The National Road in Ohio
By the time I reached greater Columbus, I could see that I had left the rugged terrain of eastern Ohio behind. The road tracked straight, and except for a US 40 bypass of tiny Etna, the old and abandoned alignments had all dried up. But what central Ohio lacks in old alignments, it makes up for in roadside sights.
Reynoldsburg begins inside Licking County, but most of it is in Franklin County.
My favorite sight in Reynoldsburg is Connell Hardware.
My favorite of its two neon signs is the one facing the side street.
As I entered Columbus proper, I thought I had stepped back into the 1950s because of all the great old motels still operating. I came upon the Homestead Motel first as I entered Columbus from the east. Check out what its sign looks like lit. Its sign is similar to the one for Baker’s Motel on the National Road in Norwich.
But this isn’t the Homestead’s first sign; this page shows postcards of two other signs this motel has used, as well as cards of other Columbus motels.
The Capital Motel is next. Check out its sign when lit.
It doesn't look quite as tidy as the Homestead.
Of all the old motels I saw in Columbus, I liked the sign for the Brookside Motel the best. The top once rotated, and the other side of the top is white letters on black. (See it here; see it lit here.) This motel was originally the Brookside Tour-O-Tel and had a different sign saying so.
I love to see these old motels still operating and kept in good nick.
The road soon reaches the the town of Bexley, which Columbus surrounds. What many don’t know is that the National Road and US 40 take different paths when they reach Bexley. US 40 turns north on Drexel Avenue and then left on Broad Street. The National Road keeps going on Main Street through downtown until it crosses the Scioto River, where it curves around on Starling Street and then turns left onto Broad Street, rejoining US 40. This map shows the National Road in green and how US 40 differs from it in blue.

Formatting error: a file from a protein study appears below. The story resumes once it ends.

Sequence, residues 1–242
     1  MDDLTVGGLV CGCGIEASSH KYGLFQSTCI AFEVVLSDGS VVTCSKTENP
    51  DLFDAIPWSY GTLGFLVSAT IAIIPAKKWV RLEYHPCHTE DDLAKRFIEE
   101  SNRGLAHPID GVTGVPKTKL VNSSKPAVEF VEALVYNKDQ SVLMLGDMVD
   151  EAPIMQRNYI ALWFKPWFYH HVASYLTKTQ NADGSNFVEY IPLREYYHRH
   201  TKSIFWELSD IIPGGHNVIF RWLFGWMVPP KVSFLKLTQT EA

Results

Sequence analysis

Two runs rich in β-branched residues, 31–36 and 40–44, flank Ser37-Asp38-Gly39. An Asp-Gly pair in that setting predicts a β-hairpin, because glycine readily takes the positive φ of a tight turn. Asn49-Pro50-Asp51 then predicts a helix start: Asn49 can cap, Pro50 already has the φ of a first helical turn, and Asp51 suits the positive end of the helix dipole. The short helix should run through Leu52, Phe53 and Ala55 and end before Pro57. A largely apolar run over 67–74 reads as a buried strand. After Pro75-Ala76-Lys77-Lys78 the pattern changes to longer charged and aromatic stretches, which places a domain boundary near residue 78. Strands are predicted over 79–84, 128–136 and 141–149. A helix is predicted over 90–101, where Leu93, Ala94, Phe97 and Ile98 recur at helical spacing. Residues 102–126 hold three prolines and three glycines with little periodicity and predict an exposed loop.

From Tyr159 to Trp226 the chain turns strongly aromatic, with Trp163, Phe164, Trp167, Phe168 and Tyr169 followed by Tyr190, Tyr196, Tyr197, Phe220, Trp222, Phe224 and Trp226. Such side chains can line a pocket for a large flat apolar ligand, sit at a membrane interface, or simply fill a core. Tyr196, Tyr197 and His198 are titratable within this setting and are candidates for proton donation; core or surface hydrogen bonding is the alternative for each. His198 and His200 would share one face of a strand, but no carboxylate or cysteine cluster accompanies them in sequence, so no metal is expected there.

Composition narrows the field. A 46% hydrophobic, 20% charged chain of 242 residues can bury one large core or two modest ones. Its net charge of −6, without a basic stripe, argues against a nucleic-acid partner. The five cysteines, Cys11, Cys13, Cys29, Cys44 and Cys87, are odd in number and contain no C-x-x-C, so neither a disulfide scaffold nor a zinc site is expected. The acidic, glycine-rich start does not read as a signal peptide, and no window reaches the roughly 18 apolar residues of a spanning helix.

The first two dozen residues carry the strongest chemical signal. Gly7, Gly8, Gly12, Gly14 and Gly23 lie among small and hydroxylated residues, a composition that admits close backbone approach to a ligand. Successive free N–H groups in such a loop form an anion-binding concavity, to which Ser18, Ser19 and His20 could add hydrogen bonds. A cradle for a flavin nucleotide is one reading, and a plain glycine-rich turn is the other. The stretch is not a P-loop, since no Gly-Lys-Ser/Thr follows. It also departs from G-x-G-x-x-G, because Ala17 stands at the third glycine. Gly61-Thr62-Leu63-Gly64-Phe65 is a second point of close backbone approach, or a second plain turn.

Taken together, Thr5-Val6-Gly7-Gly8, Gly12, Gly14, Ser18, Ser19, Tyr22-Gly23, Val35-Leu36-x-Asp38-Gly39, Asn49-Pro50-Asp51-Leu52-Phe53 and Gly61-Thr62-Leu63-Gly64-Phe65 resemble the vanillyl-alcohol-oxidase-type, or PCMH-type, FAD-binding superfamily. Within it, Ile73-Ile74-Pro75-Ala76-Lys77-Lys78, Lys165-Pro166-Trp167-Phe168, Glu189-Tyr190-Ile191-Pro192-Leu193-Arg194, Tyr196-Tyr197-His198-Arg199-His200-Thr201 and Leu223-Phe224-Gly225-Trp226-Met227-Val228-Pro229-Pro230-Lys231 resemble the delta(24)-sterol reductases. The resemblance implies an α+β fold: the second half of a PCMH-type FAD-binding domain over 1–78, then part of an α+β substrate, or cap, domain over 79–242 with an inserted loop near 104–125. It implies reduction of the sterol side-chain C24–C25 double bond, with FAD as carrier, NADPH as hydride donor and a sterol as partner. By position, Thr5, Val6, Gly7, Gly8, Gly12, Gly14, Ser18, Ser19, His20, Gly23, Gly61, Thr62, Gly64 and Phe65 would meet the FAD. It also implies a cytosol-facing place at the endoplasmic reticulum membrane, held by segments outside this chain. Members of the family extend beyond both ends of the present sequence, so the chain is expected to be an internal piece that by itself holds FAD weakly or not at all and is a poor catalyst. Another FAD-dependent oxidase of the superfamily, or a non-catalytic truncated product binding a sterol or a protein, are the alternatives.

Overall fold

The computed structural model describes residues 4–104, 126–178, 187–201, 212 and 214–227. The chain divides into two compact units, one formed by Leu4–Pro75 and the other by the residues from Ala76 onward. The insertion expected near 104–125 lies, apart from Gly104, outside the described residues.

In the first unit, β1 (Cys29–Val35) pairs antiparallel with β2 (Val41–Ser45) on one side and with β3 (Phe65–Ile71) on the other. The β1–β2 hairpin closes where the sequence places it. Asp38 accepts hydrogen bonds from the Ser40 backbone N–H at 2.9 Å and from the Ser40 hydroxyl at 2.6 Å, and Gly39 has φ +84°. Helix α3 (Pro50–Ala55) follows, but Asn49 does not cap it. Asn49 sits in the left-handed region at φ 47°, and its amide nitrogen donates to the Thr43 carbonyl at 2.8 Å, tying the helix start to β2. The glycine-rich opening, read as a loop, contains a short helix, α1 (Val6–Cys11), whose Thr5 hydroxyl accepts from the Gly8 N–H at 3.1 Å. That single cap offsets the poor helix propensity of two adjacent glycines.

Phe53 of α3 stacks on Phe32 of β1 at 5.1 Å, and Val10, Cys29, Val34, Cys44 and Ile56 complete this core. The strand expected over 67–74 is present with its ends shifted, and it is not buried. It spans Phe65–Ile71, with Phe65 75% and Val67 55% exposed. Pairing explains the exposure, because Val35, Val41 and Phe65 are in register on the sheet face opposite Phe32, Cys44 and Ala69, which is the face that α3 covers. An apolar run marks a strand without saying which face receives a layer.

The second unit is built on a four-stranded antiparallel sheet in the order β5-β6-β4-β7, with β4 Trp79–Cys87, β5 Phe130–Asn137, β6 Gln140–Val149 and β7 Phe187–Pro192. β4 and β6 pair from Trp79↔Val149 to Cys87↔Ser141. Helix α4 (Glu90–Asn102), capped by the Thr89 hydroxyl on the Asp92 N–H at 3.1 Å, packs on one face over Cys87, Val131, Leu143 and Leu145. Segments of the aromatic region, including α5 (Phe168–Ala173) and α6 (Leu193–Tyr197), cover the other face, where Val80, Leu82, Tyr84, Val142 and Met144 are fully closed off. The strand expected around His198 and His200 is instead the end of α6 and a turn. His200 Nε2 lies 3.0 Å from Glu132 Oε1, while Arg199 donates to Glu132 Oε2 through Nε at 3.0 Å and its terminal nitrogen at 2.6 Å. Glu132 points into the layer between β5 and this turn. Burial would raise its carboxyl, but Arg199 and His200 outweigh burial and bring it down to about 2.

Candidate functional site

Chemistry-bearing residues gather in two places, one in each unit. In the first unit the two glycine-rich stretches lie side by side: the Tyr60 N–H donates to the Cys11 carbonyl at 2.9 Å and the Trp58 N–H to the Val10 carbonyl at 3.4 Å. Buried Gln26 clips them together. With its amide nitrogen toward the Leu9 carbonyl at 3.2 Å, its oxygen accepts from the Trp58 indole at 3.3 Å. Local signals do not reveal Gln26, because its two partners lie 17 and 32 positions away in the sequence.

The road is nicely tree-lined in Bexley; it is clearly a very nice part of greater Columbus.
One of Bexley’s best-known places, at least among those present on the National Road, is Rubino’s Pizza. It’s been in operation since 1954.
Here's a better shot of its great sign.
The 1932 Christ Lutheran Church is nearby.
I’m told that the Drexel Theater is considered a local landmark. It certainly has a wonderful sign, which along with the building dates to the 1930s.
I stayed on Main Street, of course, past where US 40 turned away. Past Beckley, the character of the road and its environs changes quickly.
As I neared downtown I became impressed by how many older buildings have been well preserved. I wish my town, Indianapolis, had the same preservationist spirit.
Main Street is one way eastbound downtown, and I was headed west, so I parked my car and walked. This building features the familar script of the Ford Motor Company logo. It’s in the triangle with wings at the top center of the building’s facade. I’m guessing this was once a Ford dealership, but when I took this photo it was home to the Karlsberger Company, an architectural firm. Less than 30 days after I took this photo, Karlsberger ceased operations.
I spotted this ghost sign on a building just down the block from the Ford building.
As I neared High Street, which is Colubus’s east-west dividing line, I was drawn to this wonderful ornate archway and sign.
Check out this detail! I probably spent 20 minutes here enjoying and photographing this great arch.